Benefit Corps, a New Kind of Company

Corporations committed to both profits and people could change the mindset of the business world.
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For-profit corporations have become known over the past two decades for layoffs, outsourcing, and determination to maximize profits for investors—no matter the cost to employees, consumers, or the economy. But such practices may be waning: States across the U.S. are considering laws to enable entrepreneurs to create corporations that do as much for society as they do for their shareholders.

outdoor office photo courtesy of office now

Photo courtesy of Office Now.

Maryland was the first state to pass Benefit Corporations (“B-Corps”) legislation. Co-sponsored by State Senators Jamie Raskin and Brian Frosh and Delegate Brian Feldman, the law, which went into effect in October 2010, creates a new class of corporation committed to having a positive impact on the environment and society. Vermont and New York passed similar legislation in June. Legislators in other states, including California, Colorado, North Carolina, Oregon, Pennsylvania, and Washington, are considering the issue.

Businesses incorporated under B-Corps laws have social goals and commitments written into company bylaws. This ensures that companies will no longer face the hard choice of sacrificing their socially beneficial goals in order to fulfill their responsibility to investors when, for example, an acquisition offer is on the table. Under traditional corporate law, company heads can’t refuse such an offer for fear of a lawsuit from shareholders.

“There have been a number of socially conscious companies that have been forced to sell out to large corporations and end up sacrificing the public side of the equation,” explains Raskin. “Ben & Jerry’s is an excellent example. The directors of the corporation were required to accept a handsome buyout offer even though they knew the business would lose its soul.”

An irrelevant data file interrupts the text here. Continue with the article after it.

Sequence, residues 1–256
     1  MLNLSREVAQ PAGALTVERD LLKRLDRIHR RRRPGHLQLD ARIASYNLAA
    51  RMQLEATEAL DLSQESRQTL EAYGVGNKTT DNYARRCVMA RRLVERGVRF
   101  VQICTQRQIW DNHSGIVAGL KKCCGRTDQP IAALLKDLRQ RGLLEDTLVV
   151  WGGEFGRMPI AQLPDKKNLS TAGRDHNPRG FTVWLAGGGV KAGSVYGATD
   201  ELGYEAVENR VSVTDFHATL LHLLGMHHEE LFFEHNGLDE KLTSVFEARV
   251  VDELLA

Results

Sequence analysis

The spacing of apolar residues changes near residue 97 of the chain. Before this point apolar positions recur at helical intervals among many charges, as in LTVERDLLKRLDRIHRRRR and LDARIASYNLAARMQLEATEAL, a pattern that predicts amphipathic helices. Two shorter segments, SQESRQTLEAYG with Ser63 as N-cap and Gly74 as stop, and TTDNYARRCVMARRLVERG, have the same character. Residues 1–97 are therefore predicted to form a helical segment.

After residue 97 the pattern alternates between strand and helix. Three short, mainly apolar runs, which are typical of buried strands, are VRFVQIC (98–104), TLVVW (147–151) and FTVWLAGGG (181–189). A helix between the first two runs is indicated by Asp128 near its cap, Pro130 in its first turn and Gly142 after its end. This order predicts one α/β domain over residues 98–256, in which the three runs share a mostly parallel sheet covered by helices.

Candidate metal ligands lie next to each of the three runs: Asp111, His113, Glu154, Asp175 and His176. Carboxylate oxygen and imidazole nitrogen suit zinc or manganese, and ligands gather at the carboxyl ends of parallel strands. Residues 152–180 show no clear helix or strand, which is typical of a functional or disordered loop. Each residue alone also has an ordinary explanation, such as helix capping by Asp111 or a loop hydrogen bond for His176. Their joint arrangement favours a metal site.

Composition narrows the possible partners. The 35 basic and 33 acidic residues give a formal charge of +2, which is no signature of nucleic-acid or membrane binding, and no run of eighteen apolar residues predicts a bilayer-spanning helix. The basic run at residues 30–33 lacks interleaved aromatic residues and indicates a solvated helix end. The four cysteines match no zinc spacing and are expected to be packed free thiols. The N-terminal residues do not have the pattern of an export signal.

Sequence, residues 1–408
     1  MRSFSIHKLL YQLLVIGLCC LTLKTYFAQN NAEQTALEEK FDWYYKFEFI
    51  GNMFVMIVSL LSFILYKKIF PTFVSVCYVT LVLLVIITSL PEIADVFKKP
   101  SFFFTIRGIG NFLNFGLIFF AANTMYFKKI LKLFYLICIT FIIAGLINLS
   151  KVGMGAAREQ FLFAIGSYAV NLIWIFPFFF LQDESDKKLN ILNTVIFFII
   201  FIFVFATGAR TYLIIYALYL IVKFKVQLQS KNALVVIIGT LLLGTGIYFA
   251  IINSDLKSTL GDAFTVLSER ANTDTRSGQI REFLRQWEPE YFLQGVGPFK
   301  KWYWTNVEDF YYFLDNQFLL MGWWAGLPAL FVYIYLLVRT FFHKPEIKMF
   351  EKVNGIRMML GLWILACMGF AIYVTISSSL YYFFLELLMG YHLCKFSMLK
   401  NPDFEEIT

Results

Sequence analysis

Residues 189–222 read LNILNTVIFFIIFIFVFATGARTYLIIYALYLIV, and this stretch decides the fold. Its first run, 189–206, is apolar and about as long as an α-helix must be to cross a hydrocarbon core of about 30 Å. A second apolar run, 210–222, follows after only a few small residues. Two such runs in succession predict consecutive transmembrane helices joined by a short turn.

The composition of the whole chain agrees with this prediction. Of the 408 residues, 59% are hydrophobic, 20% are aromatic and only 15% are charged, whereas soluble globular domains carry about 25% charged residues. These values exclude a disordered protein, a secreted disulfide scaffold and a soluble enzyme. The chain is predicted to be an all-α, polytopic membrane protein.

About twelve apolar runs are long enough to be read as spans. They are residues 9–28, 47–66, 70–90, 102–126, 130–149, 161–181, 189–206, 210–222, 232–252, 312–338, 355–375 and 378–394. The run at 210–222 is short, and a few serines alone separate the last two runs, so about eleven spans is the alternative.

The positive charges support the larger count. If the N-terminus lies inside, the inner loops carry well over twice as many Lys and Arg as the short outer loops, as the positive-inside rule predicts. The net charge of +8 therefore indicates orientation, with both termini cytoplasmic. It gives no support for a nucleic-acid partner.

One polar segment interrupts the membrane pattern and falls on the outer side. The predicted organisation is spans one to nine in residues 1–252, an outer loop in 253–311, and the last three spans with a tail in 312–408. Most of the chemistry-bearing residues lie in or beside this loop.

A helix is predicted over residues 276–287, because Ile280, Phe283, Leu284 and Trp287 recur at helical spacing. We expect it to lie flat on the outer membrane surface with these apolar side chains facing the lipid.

B-Corps may choose any goals that will have a measurable “general public benefit.” They can go totally “green,” offer worker training or literacy programs, or host activities that promote the arts and sciences. Companies incorporated under the law will have to submit an annual report detailing not only their finances but also their good works.

According to Sean Smeeton, president of Taharka Brothers, the law is just the right match for his Baltimore-based ice cream company. The company works to dispel misperceptions about young men from Baltimore’s underserved communities, while helping them gain work experience, leadership skills, and the opportunity to become stockholders in Taharka Brothers.

 “The Benefit Corp movement should bring a change in mindset to the business world and entrepreneurs,” says Smeeton. “The two will be able to acknowledge the vital role business can play in making the world a better place.” —Walaika Haskins


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